London Bridge terrorist Usman Khan was lawfully killed by armed police who “believe he was trying to find a trigger” on a suicide vest when they shot him dead, an inquest jury has found.
Officers fired at Khan 20 times after he stabbed and killed prison rehabilitation workers Jack Merritt, 25, and Saskia Jones, 23, at an event at Fishmongers’ Hall in November 2019.
At an inquest into his death, coroner Mark Lucraft QC directed jurors to return a conclusion of lawful killing, on the grounds that each of the officers who shot at Khan believed it was necessary to protect themselves and the public.
Eight bullets missed their target. None of the critical head shots, designed to kill him instantly, hit him.
When officers on one side of London Bridge heard shots being fired from a different direction they didn’t know at first whether they had heard colleagues’ guns or were being fired on themselves by potential accomplices of Khan.
And there were a lot of passers-by who had to be cleared from the bridge, some of whom believed they had stumbled on to a film set and didn’t know they could be in danger from the terrorist and police crossfire.
The first officers scrambled to the scene were told initially that a woman had been stabbed and thought only their first aid skills were needed.
As they got closer they learned they might have to use their weapons, but still didn’t know the suspect was a terrorist.
Three officers from an armed response vehicle ran towards a group of men attacking Khan on the pavement and tried to assess the risk.
PC YX99, granted anonymity like all police during the inquest, had less than two years’ experience as an armed officer and hesitantly recalled how he reached through the throng to grab Khan who he thought was unarmed.
He told the inquest that Khan looked at him and said: “I’ve got a bomb.”
The officer told the jury: “At that moment I was slightly stunned. I thought you selfish ****, you want to die and you want me to kill you. You start to think of all different outcomes and what you’re going to do.”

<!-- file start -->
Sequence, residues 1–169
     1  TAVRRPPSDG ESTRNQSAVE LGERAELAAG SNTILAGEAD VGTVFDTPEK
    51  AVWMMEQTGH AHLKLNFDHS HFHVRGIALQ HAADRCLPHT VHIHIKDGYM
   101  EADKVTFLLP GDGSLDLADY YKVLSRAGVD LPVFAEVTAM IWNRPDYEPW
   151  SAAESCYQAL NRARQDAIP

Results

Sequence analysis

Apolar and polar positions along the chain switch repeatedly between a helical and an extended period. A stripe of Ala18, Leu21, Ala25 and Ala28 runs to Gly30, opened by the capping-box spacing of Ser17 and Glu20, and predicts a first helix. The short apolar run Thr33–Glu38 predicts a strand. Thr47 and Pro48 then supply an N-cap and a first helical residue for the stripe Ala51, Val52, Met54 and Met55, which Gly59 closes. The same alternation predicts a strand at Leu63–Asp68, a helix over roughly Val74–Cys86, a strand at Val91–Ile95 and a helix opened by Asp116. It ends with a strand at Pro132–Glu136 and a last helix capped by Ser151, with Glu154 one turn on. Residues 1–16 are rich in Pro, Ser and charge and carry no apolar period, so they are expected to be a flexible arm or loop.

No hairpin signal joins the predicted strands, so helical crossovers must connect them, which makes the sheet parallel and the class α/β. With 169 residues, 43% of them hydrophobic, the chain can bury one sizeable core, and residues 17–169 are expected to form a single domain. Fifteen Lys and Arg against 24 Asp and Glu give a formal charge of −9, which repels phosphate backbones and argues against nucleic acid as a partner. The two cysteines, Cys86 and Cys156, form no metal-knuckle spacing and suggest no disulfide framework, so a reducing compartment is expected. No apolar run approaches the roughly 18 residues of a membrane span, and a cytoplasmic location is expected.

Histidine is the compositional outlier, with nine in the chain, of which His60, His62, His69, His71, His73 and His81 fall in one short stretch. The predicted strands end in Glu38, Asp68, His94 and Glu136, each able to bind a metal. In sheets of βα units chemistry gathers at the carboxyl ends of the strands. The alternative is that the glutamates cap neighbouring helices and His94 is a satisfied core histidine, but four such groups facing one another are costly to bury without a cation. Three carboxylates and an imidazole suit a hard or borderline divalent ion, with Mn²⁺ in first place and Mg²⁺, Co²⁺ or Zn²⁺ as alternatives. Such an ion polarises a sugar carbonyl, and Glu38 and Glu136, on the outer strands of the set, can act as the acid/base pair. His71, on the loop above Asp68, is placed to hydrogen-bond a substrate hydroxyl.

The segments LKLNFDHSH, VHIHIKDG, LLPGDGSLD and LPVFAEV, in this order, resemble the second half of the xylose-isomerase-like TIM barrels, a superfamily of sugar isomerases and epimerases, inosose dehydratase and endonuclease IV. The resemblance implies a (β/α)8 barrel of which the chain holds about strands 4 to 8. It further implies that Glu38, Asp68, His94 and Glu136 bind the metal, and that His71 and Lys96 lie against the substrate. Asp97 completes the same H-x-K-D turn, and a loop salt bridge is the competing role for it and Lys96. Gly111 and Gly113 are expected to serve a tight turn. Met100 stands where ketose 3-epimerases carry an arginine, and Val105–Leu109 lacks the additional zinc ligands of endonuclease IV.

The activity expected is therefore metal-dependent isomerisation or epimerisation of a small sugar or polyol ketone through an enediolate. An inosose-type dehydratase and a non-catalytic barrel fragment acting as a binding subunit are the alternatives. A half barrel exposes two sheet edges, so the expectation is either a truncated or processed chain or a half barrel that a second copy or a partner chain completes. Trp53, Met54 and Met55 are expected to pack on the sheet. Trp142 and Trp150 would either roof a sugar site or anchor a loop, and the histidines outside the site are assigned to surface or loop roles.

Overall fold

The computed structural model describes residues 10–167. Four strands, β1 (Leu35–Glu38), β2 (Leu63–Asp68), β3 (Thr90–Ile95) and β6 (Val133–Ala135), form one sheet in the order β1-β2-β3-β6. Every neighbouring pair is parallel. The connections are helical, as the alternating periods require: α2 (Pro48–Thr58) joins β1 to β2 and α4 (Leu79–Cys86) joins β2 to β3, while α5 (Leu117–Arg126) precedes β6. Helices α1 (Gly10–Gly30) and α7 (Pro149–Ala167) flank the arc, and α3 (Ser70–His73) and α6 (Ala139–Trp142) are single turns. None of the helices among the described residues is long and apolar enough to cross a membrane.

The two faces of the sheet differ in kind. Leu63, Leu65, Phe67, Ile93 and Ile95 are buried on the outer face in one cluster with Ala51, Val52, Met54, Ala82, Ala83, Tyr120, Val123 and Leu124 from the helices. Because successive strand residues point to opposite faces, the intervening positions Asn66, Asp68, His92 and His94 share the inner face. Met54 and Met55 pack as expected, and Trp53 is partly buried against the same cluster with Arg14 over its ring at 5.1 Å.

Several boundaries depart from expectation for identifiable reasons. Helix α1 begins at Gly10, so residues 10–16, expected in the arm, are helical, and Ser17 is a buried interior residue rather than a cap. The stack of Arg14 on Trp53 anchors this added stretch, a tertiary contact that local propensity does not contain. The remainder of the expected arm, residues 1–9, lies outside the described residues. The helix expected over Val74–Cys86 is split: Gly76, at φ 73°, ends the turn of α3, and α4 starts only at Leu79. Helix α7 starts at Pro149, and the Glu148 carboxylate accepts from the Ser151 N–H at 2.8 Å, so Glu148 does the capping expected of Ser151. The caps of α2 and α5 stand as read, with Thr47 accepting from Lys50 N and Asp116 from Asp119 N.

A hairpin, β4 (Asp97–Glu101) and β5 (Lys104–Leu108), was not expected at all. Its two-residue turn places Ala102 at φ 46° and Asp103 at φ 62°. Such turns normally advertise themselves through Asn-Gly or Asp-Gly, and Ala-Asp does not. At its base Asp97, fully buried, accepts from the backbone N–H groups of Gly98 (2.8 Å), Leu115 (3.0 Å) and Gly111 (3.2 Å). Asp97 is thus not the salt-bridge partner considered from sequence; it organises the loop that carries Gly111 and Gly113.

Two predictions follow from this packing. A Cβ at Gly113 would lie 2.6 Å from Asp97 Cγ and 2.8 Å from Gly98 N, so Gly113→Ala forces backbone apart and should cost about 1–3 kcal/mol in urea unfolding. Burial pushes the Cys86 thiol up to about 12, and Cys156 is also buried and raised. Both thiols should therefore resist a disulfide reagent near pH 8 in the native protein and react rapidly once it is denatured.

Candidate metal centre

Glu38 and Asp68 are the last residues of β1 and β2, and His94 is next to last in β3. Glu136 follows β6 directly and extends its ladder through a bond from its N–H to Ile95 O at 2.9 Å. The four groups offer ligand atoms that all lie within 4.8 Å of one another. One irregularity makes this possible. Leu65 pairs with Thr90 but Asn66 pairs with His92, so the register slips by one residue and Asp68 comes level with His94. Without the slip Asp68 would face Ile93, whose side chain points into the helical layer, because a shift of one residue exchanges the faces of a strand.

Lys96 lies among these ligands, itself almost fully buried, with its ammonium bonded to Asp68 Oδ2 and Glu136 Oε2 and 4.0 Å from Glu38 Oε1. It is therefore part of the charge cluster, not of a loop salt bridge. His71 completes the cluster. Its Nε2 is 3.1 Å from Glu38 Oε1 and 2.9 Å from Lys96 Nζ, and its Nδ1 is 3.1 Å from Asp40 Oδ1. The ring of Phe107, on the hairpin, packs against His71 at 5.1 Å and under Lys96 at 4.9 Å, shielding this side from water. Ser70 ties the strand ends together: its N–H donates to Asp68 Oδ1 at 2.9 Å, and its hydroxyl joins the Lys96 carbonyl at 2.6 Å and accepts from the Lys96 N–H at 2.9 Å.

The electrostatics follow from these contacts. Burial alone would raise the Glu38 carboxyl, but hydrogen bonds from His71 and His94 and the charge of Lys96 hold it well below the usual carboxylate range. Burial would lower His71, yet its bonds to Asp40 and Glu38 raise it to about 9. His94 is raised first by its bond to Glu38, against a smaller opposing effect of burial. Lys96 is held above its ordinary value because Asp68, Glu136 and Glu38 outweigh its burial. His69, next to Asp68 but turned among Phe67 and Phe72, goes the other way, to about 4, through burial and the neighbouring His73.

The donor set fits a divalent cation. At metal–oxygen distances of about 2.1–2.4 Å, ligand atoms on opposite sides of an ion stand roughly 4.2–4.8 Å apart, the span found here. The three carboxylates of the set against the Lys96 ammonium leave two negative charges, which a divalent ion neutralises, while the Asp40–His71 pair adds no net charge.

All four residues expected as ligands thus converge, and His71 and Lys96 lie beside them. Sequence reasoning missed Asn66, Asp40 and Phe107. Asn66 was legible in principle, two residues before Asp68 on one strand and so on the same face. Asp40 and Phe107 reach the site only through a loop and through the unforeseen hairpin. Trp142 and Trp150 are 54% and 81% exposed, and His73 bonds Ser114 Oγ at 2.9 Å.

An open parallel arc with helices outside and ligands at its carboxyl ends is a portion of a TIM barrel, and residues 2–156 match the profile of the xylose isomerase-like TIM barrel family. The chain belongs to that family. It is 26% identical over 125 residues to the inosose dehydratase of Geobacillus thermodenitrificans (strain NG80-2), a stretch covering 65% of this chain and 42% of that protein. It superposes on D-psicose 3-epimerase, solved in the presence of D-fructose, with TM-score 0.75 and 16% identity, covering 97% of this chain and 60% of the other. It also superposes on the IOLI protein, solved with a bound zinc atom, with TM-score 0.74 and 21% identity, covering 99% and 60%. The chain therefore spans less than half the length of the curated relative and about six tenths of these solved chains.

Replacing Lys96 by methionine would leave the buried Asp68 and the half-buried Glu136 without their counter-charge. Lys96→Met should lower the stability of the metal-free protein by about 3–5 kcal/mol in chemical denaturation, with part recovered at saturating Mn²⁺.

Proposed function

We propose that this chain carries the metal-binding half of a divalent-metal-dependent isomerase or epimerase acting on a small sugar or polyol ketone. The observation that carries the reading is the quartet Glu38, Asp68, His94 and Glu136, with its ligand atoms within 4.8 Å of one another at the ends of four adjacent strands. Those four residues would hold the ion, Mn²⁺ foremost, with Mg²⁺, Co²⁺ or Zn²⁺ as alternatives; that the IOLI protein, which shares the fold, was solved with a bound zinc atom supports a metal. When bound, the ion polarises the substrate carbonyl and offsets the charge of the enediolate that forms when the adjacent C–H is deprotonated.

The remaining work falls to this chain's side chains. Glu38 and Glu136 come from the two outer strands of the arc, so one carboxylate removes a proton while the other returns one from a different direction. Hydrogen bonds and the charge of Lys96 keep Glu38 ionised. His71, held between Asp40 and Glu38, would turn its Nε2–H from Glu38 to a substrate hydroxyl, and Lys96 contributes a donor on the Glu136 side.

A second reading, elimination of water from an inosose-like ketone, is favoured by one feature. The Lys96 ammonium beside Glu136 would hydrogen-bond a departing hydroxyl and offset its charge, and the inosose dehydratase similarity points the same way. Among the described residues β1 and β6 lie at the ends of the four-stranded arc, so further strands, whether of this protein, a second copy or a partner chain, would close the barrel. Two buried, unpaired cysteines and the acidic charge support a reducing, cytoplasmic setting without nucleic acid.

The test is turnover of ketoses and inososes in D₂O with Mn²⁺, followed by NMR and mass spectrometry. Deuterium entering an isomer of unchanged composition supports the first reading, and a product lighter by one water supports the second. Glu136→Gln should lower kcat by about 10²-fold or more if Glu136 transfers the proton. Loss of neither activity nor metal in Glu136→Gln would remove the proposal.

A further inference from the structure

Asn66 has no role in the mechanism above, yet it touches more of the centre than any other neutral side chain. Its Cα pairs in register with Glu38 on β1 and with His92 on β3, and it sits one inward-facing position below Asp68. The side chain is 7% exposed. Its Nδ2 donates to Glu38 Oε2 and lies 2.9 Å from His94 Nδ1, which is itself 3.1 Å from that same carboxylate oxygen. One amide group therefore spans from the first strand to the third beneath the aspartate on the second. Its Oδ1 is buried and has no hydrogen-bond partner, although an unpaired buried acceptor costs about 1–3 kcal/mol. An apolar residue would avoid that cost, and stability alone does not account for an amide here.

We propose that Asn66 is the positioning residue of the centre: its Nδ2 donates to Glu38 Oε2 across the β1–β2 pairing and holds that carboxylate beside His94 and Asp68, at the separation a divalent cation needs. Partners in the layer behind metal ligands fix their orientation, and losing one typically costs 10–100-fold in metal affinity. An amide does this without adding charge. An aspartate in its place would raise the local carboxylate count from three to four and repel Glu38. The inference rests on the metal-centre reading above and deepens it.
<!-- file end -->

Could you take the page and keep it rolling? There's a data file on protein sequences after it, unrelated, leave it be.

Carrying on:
He also thought Khan could be mentally ill and he might be accused of shooting an innocent man. He then checked the 28-year-old for any hidden explosive device and found a belt, copper wire, containers and what looked like white plasticine.
Then, he said, all he could think of was to get the men tackling Khan off him so he could shoot the attacker. “I thought the bomb was 100% real and that he would detonate it and we were all going to die,” he said.
“The last thing I remember thinking is, it’s going to hurt and also thinking, try and shoot him, get people off and shoot him. You are relying on muscle memory and training to make the best of a situation that you can.”
The officer said as soon as he got a clear shot at Khan he fired twice and thought he had killed him. But he hadn’t and Khan was lying on the pavement, continuing to move, raising his arms and, after eight minutes, tried to sit up.
PC YX99 said: “I was in shock, in a bit of a panicked state to be honest. I was relieved to be alive still and my ears were ringing because I didn’t have Peltors (ear defenders) on. I had fired a couple of shots and was fully expecting him to be dead so when he moved I was stunned.
“I was partly doubting myself just because of the way other people reacted when I said ‘he’s got a bomb’ – they weren’t reacting as quickly as I was because you don’t want to be anywhere near it.